Pro-Khalistan posters target diplomats over chief Nijjar’s killing

The posters call for pro-Khalistan sympathisers to assemble in Toronto to protest the killing of Nijjar

Pro-Khalistan posters target diplomats over chief Nijjar’s killing

The Ministry of External Affairs on July 4 summoned the High Commissioner of Canada Cameron MacKay and lodged a protest after campaigners for Khalistan put out posters targeting Indian diplomats in Canada. The top Canadian diplomat stationed in India was summoned after posters circulated online named two leading Indian diplomats stationed in Canada.

The posters called upon pro-Khalistan sympathisers to assemble in Toronto on July 8 in protest against the alleged killing of a leading campaigner for Khalistan, Hardeep Singh Nijjar. The poster that carried the words “Kill India” also displayed the photographs of Indian High Commissioner Sanjay Kumar Verma and Consul General in Toronto Apoorva Srivastava and the words “Faces of Shaheed Nijjar’s Killers in Toronto”.

The posters spread across the world via the Internet, urging sympathisers of Khalistan to take out similar marches towards Indian missions in other major western cities on July 8. All such posters carried photographs of Indian diplomats in Canada, the U.S. and Australia. The posters for Australia and the U.S. carried the faces of Indian High Commissioner to Australia Manpreet Vohra and Indian Ambassador to the U.S. Taranjit Singh Sandhu. An attempt was made to set fire to the Indian mission in San Francisco on Monday. However, MEA did not summon any American official in response.

The Indian National Congress has condemned the incident and urged the Indian government to “take all steps necessary to protect Indian diplomatic missions and personnel”.

The incident regarding the controversial posters came less than a month after External Affairs Minister S. Jaishankar cautioned Canada about the risk of Khalistani extremism. “For us, how Canada has dealt with the Khalistani issue has been a long-standing concern. Because very frankly, they seem to be driven by vote bank politics,” he said while commenting on the increasing activities of the pro-Khalistan activists in Canada.

On June 5, Khalistani activists in Canada marked the anniversary of Operation Bluestar (1984) by taking out rallies. India had protested strongly in response after a float on this occasion featured the assassination of Prime Minister Indira Gandhi. “I think there is a larger underlying issue about the space which is given to separatists, to extremists, to people who advocate violence. I think it is not good for relationships, and not good for Canada,” Mr. Jaishankar said on June 8, while addressing a press conference to mark nine years of the Modi government.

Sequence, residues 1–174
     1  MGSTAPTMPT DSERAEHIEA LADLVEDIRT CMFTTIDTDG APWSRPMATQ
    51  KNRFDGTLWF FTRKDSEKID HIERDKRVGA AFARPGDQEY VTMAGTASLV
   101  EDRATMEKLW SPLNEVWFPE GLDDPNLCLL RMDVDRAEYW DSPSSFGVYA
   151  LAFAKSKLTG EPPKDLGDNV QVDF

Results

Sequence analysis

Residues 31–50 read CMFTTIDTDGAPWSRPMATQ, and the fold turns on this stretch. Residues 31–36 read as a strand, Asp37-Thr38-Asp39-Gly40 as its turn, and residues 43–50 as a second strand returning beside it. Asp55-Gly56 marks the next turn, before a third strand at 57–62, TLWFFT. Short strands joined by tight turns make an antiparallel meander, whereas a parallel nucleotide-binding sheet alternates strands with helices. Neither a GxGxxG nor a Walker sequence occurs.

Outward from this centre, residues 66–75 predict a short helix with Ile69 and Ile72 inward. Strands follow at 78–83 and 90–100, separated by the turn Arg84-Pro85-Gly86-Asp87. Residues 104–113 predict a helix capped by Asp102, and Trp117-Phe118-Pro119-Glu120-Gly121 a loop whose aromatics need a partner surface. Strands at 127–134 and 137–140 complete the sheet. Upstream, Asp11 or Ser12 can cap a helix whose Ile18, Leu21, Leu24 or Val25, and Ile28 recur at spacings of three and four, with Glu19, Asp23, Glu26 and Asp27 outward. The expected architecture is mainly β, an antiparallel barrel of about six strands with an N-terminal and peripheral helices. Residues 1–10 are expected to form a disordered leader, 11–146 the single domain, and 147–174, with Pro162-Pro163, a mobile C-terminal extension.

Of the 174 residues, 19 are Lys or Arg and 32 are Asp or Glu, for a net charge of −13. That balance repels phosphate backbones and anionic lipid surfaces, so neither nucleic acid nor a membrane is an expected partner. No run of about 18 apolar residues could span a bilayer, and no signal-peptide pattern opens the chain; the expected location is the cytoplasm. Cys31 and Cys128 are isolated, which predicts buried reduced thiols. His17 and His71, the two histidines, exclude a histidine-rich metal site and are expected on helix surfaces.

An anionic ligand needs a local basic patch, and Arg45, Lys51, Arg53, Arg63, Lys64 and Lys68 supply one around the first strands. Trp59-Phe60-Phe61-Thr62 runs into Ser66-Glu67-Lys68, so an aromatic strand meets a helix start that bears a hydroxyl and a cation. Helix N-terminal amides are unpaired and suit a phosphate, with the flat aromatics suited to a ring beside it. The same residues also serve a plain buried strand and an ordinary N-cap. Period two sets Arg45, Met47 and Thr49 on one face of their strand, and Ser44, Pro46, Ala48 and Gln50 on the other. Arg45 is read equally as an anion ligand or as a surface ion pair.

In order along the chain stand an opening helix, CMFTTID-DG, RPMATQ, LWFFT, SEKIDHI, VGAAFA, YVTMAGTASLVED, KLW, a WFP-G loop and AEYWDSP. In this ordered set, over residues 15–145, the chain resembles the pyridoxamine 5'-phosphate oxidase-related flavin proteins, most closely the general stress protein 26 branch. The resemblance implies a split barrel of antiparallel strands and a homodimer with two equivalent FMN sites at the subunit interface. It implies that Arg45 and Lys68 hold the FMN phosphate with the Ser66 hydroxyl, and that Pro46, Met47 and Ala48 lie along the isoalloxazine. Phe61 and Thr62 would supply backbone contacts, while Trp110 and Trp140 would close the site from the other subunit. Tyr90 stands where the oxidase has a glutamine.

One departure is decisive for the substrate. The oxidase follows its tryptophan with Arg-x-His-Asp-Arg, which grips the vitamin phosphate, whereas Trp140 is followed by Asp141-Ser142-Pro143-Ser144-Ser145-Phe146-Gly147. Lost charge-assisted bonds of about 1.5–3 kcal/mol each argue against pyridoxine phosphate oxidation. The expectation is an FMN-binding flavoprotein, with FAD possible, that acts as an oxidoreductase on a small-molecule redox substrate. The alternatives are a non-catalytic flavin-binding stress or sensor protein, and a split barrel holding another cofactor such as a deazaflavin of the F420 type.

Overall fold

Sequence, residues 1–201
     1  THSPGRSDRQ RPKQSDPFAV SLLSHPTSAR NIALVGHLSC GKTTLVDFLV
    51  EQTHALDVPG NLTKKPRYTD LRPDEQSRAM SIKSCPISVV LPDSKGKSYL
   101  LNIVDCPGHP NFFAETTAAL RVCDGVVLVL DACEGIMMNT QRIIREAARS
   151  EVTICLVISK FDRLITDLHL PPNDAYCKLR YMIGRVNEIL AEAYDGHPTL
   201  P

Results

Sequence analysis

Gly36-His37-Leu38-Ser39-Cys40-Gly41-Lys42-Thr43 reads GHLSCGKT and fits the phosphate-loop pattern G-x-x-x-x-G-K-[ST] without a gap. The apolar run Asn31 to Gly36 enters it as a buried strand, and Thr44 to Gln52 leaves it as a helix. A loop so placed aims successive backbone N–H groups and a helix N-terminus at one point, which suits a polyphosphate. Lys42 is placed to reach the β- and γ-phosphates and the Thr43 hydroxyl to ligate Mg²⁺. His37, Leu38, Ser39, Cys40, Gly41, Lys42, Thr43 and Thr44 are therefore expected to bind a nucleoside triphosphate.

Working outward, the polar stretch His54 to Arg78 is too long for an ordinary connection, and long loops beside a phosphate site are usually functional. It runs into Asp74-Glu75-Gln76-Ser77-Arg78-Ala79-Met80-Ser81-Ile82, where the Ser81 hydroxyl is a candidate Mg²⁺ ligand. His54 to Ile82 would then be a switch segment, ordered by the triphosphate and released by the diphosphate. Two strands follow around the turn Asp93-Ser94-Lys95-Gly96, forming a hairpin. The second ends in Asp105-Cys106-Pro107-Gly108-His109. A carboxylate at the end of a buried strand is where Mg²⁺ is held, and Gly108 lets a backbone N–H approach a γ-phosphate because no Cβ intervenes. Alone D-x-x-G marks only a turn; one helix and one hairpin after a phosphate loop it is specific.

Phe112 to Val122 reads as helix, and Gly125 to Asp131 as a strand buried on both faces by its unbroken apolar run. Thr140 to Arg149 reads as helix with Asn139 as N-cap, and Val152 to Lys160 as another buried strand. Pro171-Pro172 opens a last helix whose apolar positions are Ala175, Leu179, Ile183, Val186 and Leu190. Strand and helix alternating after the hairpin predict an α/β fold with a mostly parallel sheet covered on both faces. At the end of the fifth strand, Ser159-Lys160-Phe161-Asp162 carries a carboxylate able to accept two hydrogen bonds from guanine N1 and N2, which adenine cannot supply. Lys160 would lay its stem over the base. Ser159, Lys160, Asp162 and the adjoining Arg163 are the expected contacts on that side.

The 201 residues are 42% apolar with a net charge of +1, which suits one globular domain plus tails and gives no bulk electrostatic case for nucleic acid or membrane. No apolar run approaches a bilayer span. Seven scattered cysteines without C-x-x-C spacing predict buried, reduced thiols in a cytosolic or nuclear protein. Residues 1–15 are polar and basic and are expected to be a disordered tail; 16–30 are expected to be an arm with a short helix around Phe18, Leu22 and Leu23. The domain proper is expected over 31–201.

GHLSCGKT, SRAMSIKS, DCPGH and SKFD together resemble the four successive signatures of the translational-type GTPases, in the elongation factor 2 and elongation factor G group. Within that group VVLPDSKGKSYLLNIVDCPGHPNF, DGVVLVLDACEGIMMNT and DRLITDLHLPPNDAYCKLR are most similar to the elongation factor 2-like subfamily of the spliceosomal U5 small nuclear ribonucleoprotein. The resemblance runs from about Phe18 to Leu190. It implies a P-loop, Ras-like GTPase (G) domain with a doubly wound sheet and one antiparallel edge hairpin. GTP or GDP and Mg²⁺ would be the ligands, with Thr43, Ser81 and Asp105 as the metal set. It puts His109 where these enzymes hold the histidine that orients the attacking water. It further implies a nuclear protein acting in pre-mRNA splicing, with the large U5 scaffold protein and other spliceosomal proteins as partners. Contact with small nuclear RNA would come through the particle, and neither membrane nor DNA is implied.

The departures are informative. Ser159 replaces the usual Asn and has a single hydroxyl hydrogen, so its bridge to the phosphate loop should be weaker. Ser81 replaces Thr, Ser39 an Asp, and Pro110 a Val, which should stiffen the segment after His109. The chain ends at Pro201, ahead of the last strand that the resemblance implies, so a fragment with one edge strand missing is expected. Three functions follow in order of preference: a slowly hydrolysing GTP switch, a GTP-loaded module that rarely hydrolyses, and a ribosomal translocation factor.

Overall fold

Over the past few days, the “Kill India” posters have become viral online. These posters call for avenging the death of Hardeep Singh Nijjar who was shot dead on the premises of a gurdwara on June 18 in Surrey, British Columbia. Nijjar was the leader of the separatist Khalistan Tiger Force. He had earlier hit the headlines when his name featured on a list of wanted individuals that the then Punjab Chief Minister Amarinder Singh had handed over to Canadian PM Justin Trudeau during the latter’s 2018 India visit. It was alleged that Nijjar also visited Pakistan in 2013-2014.

Canadian Foreign Minister Melanie Joly emphasised that the campaign against Indian diplomats does not speak for everyone in Canada and said, “Canada takes its obligations under the Vienna Conventions regarding the safety of diplomats very seriously. Canada remains in close contact with Indian officials in light of some of the promotional material circulating online regarding a protest planned for July 8th which are unacceptable.”

The pro-Khalistan protests have flared up frequently over the past few years in multiple locations like Melbourne, Toronto, London and San Francisco. When Australian Prime Minister Anthony Albanese visited India in March, Mr. Modi took up the issue of the growth of the Khalistan movement in Australia. The same flared up later that month in London where pro-Khalistan protesters tried to take down the tricolour from the Indian High Commission.





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